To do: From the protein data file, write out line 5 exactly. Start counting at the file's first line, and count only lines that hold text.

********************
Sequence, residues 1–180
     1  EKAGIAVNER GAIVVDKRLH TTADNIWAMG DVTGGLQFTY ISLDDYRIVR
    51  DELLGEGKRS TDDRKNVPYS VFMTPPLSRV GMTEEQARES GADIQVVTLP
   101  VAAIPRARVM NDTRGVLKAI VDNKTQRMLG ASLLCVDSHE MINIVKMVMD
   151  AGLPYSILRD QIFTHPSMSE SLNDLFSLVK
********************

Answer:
   151  AGLPYSILRD QIFTHPSMSE SLNDLFSLVK